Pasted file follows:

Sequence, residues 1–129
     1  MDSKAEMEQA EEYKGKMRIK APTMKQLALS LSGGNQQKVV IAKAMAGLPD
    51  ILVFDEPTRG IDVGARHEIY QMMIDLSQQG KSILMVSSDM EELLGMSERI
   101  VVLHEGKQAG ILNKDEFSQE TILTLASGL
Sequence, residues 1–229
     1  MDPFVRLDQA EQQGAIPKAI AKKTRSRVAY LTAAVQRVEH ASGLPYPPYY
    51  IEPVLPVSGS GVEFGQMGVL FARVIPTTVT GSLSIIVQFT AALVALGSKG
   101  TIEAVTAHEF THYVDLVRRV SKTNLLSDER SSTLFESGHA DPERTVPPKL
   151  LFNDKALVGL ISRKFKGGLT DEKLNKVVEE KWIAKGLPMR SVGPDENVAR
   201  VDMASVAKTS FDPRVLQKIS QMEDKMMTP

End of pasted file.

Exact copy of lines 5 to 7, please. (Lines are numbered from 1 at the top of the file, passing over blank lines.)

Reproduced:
Sequence, residues 1–229
     1  MDPFVRLDQA EQQGAIPKAI AKKTRSRVAY LTAAVQRVEH ASGLPYPPYY
    51  IEPVLPVSGS GVEFGQMGVL FARVIPTTVT GSLSIIVQFT AALVALGSKG